Example: Car manufacturer use our system for their after-sales communications, to remind customers of service & MOT dates. Weekly communications go out by postcard, email or text, on time and without them having to do anything further once that customer is in the system.

  • You can set up rules so that if a customer disengages to move to another supplier, an automated mailout goes to them right away.
  • The system can create documents on demand, so, if someone purchases a product, such as an insurance policy, they’ll get an immediate email with their personalised documentation included as a pdf followed by physical documents.
  • If someone joins your organisation as a member, the relevant membership information can go out the same day – personalised to that specific member profile.

Example:  The V&A has 30-40 marketing profiles – and this system has reduced their lead time by about a week.

  • If you’re a smaller organisation, your responses can be faster with a more flexible approach to impress your customers.
  • You can access your look-up table of profiles and change the message in individual profile – and this can then go out right away.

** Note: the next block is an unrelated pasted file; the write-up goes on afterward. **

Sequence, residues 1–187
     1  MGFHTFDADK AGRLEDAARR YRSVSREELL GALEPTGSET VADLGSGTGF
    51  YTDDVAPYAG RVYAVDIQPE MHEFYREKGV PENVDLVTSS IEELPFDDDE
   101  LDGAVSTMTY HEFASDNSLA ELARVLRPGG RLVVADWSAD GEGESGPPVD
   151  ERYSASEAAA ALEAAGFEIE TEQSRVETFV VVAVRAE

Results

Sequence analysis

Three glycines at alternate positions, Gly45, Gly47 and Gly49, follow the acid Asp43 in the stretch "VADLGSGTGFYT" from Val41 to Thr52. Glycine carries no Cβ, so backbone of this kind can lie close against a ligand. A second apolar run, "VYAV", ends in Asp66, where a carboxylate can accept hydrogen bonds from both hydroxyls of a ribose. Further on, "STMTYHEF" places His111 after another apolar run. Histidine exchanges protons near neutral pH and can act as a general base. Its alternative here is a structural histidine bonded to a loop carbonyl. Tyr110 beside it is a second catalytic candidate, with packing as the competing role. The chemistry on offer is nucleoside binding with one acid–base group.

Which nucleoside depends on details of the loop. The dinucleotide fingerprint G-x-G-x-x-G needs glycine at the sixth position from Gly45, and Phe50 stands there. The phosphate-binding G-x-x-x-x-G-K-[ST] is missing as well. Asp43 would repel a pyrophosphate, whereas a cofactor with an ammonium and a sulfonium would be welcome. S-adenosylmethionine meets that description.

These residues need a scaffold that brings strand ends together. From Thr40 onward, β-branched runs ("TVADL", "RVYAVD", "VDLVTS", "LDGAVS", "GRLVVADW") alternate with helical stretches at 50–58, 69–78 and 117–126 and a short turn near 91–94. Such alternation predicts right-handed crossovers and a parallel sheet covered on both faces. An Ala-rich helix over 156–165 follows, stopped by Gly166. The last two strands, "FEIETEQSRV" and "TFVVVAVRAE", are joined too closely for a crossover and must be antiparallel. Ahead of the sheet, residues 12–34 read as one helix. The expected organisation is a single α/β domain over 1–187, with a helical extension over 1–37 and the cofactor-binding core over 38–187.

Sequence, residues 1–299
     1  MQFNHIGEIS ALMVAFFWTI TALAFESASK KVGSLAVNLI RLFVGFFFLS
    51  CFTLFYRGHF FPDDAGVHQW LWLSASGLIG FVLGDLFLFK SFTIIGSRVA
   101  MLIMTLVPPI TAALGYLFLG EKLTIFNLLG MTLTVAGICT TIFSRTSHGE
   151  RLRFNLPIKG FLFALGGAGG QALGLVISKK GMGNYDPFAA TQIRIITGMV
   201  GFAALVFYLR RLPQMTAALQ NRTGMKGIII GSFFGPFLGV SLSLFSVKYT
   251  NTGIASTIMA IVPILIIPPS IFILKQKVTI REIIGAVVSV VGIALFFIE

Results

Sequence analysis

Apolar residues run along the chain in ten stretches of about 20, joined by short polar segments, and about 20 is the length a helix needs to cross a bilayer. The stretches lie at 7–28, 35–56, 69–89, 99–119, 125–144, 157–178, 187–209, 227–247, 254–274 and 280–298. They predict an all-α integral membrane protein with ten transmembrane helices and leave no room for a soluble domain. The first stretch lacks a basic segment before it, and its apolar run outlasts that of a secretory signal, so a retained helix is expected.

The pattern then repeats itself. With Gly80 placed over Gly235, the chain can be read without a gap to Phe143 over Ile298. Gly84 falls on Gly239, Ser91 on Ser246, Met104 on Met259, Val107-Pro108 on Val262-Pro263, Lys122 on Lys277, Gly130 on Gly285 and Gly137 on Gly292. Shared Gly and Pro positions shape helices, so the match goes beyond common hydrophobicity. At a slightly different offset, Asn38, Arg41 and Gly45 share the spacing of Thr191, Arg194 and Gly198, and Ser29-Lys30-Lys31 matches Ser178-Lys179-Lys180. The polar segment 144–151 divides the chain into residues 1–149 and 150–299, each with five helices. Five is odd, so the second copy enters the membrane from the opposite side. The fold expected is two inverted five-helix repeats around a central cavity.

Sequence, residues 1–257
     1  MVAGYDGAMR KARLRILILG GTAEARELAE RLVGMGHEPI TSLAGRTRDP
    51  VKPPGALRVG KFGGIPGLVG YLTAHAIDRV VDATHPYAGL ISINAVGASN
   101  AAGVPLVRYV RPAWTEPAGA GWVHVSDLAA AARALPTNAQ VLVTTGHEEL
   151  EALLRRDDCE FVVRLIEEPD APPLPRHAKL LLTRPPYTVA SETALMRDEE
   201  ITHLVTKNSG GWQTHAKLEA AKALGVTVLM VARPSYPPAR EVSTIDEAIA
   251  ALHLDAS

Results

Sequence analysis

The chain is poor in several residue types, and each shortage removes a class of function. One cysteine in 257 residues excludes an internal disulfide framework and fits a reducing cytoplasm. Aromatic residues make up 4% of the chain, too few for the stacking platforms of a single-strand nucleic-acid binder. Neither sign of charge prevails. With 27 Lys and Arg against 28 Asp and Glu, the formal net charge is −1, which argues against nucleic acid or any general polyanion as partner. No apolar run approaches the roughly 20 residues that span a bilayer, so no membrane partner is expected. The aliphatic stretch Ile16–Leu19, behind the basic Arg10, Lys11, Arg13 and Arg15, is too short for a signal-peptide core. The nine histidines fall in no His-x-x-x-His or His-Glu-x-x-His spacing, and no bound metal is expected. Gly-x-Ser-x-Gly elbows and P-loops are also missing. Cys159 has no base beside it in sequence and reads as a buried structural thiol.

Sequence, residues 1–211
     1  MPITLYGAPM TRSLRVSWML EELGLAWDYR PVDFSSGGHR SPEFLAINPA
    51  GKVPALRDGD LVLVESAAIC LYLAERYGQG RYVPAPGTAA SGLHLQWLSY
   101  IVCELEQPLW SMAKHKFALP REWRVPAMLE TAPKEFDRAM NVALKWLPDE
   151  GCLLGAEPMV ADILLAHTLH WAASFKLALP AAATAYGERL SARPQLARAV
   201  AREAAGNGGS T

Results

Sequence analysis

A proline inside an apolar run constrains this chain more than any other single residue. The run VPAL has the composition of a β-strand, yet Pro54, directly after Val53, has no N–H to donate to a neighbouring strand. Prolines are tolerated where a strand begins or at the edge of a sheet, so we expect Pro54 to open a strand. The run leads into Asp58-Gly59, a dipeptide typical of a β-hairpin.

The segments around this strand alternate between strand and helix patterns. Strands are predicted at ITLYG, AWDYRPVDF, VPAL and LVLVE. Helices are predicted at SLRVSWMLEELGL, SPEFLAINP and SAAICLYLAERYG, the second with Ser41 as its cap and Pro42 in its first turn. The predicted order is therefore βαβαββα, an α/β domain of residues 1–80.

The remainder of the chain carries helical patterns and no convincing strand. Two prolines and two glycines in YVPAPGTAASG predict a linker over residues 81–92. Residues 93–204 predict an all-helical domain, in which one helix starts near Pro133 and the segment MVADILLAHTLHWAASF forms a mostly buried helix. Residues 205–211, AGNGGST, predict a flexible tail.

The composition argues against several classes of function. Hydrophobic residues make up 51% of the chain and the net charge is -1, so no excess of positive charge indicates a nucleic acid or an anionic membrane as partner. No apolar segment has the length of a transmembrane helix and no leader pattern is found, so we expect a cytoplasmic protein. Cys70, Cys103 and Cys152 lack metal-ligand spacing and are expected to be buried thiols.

• You can have your mail tracked to anywhere in the world, if necessary.

Example: A pension fund needed to send out annual statements with nearly three dozen different customer profiles. These used to be programmed in-house – now they simply send their data and we set up everything, saving them weeks and weeks of work.

Is your organisation missing opportunities? Why don’t you give us a call on 020 8293 8550?

August 16, 2017

Personalising Direct Mail to Increase ROI

Written by Charlie Browning, Print & Data Manager at Romax Marketing & Distribution.


When clients come to Romax they always ask “How can I get a better ROI on the marketing I am already doing?”, Our response is – Personalisation, relevancy and segmentation.  This doesn’t mean just adding a name and an address with one message – everyone’s doing that. What it does mean, is adding intelligent segmentation that drives dynamic and targeting marketing messages which makes your communication much more personal and relevant to each recipient. Smart personalisation like this will always gain a much better ROI than just one blanket message to all your customers.